Feb 8, 2022
PEI can resume exporting to Puerto Rico

United States Department of Agriculture (USDA) Secretary Tom Vilsack announced Feb. 8 the resumption of tablestock potatoes from Prince Edward Island (PEI), Canada, into Puerto Rico.

USDA has determined the importation of these potatoes under specified conditions poses little risk of introducing potato wart disease, a soilborne disease that reduces yield and marketability, to Puerto Rico.

“It is critical that we base our agricultural trade decisions on sound science,” Vilsack said. “After considering Puerto Rico’s low risk for potato wart due to climate conditions, as well as the lack of a commercial potato production industry on the island, we are confident that with appropriate mitigations in place this trade can resume safely, and the U.S. potato industry will remain protected.”

Canadian authorities had voluntarily suspended exports of all potatoes for consumption and planting from PEI following a recent detection of potato wart disease. Potato wart is not known to occur in the U.S. and there are no treatments available for its control.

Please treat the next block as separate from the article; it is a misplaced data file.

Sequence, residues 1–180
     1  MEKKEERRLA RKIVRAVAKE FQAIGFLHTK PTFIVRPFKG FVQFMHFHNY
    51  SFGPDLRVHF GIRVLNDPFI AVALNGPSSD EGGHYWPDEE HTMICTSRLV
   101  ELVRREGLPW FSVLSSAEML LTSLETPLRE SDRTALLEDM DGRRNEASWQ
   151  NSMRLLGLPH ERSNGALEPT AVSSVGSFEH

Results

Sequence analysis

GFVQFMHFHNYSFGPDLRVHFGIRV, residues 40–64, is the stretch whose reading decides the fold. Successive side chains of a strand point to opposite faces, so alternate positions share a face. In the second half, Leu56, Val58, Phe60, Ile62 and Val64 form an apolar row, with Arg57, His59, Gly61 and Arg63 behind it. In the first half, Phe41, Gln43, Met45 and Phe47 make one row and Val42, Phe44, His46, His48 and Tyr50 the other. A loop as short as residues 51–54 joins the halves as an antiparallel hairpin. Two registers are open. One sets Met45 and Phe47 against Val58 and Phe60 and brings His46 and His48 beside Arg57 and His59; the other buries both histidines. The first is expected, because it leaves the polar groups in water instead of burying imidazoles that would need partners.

Starting Feb. 9, PEI can resume exporting tablestock potatoes in accordance with specific USDA requirements and Canadian Food Inspection Agency mitigations.

NPC response

Shortly after the announcement, the National Potato Council issued this response.

“The National Potato Council welcomes the safe resumption of trade between PEI and Puerto Rico that will allow the province’s growers to market their 2021 crop,” said CEO Kam Quarles. “We trust USDA and CFIA have put plans in place to strictly prohibit the resale of fresh potatoes to the mainland in order to prevent the potential spread of disease to U.S. potato farms. Looking forward, the U.S. potato industry anticipates the fulfillment of CFIA’s commitment to conduct 35,000 soil tests for the disease in PEI to ensure it has identified which fields are cleared for export. That precursor will allow resumption of trade with PEI and the United States, consistent with the best available science.”

Potato wart is not present in the United States. If it were allowed to become established in U.S. potato production areas in the future, the direct costs would likely be more than $300 million annually and billions more annually in indirect damage.

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